A vast view is spectacular – but paradoxically, framing that view, making it smaller, can emphasise just how magnificent it is. That certainly is the case with this new home, perched on the side of one of Brisbane’s western mountains.
The eye skims across valleys, to the low hills beyond them and further out to Moreton Bay, and there is almost too much to appreciate. But approaching the carefully placed entrance deck, the view is framed like a picture, and the detail emerges.
The upper level of the house floats at ground level – the lower level is built into the slope and allows the architectural detail of the roof to shine. Designed by ETS Architects, and built by Scattini Construction the house perches on the hill like a bird at rest, wings lowered to protect the long low lines and anchor it in place.
Divided into pavilions by the entrance deck which also links the upper and lower levels, the main area comprises kitchen and living spaces – a terrace fronts both and provides an outdoor area to breathe in and appreciate the fresh clean air, and the call of the whip birds and bell birds who are the closest neighbours and who provide a soundtrack to the view. Glass balustrading allows an uninterrupted appreciation of all the subtleties of light and shadow which pass across the valley and hills beyond while bifold doors protect the terrace when nature gets rambunctious and the winds blow from the coast.
The interiors are understated, with polished concrete floors to provide a neutral backdrop to the living spaces while a two sided fireplace brings warmth and comfort, as does underfloor heating when the weather is cold.
The kitchen takes pride of place as the focus of the living areas. Designed by Kim Duffin of Sublime Architectural, it is a masterpiece of intelligent and creative use of space, and cutting edge materials and technology. “The clients wanted an achromatic look for the interiors” says Kim, “so we opted for white and grey – white Starion bench tops teamed with grey for the wall of cabinetry around the double door fridge. The one concession I managed to wring from the owner was to line the bulkheads which accommodate the lighting in Rosewood – I thought it needed a little warmth, and it has proved to be a success, luckily!” The rosewood works with the sliding doors throughout the home which are also framed with it, and which come from Duce Joinery.
Porcelain stack tiles continue the theme as the splashback to the benches, and Linen Finish stainless steel benchtops provide a practical and hard wearing surface for food preparation. Kim has placed task lighting above the benches and stove areas, and decorative lighting above the fridge and bank of storage cupboards which feature lift up doors for easy access. The benchtop which houses the sink hides a concealed cupboard which, at the touch of a button, rises up to reveal on the outside storage for wine glasses, and on the inside a handy space for storing small appliances. It’s a savvy feature that doubles to hide any mess in the kitchen! A walk-in butler’s pantry provides additional storage for food and larger appliances.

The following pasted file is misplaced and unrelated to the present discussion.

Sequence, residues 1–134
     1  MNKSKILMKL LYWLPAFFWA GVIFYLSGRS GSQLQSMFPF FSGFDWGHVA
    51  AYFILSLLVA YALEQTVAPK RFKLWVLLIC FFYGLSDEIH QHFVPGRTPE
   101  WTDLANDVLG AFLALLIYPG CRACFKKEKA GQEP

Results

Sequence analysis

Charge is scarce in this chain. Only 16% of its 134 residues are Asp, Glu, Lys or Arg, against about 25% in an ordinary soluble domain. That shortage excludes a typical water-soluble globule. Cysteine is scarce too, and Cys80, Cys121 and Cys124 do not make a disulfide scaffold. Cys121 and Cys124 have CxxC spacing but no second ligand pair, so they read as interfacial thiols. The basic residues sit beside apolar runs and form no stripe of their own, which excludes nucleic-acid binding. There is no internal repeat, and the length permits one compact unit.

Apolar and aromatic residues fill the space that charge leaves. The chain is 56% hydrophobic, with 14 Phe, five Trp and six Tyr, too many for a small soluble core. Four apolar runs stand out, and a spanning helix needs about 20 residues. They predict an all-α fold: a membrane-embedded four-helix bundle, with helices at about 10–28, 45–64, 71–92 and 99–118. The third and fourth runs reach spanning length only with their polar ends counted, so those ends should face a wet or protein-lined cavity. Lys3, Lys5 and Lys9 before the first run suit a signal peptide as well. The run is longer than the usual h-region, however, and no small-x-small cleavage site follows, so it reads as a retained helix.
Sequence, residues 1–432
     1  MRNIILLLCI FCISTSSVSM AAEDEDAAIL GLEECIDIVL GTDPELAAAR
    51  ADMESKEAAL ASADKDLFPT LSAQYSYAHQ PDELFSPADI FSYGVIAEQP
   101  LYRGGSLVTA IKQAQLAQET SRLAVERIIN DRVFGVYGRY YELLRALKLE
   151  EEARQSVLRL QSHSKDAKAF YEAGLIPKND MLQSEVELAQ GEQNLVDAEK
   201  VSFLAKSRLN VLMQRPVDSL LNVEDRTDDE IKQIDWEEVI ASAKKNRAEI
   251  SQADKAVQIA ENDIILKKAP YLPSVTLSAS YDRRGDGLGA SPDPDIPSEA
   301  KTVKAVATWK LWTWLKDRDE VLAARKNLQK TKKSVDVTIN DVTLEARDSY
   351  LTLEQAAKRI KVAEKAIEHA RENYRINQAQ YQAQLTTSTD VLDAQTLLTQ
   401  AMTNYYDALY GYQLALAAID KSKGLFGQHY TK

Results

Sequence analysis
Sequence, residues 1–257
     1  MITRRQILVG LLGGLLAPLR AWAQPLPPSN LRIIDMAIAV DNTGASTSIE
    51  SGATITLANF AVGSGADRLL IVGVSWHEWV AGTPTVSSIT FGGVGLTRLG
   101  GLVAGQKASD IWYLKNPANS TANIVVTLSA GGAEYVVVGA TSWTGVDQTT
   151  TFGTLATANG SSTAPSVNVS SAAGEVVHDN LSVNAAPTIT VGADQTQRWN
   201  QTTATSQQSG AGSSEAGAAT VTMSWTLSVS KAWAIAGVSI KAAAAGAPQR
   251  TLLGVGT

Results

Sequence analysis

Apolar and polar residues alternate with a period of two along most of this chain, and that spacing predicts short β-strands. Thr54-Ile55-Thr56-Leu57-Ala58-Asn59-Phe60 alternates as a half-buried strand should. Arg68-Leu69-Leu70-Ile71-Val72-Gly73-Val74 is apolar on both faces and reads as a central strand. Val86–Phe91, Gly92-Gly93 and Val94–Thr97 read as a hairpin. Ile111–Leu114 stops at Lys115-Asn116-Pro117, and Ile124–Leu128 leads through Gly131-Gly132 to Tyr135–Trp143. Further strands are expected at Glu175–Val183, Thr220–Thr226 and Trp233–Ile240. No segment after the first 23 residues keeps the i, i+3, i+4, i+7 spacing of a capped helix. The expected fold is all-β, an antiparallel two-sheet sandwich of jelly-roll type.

But the star of this kitchen has to be the stainless steel wire embedded in resin which wraps the bench. Called ‘Acrylic Couture’ Kim ordered it from overseas – “It took ages to get it here, but it was worth it” he says. “When it is illuminated it provides a shimmering sculptural dimension to the kitchen which is truly beautiful.” A picture window on the back wall of the kitchen means that where ever you choose to sit at the bench, you still get the advantage of that gorgeous view.
While the living/dining/kitchen area take up most of the upper level, it also accommodates his and hers studies for the owners and a laundry with a view. Crossing the entrance deck takes you to the master suite of bedroom, bathroom and walk in robe – floor to ceiling glass wraps around the bedroom and electronically controlled blinds shut out the light and view when it is time to sleep. The bathroom is also Kim’s work, and luckily for the owners’ modesty, there are no neighbours as floor to ceiling glass features here as well.
Downstairs is home to bedrooms, bathrooms and a sitting room for the adult children, self contained and with a deck area for each with a daybed for lazing away the days when they are home.
And while the views have been incorporated into the design and decor of the home, taking centre stage and providing an ever changing panorama of sky and clouds, hills and valleys, the house itself is thoroughly suited to, and settled into, the site. Clad in zinc, it complements its glorious location and provides a haven for its busy owners to return to – to breathe in, listen to the birds and enjoy their beautiful home.
Photography by Steve Ryan, Rix Ryan Photography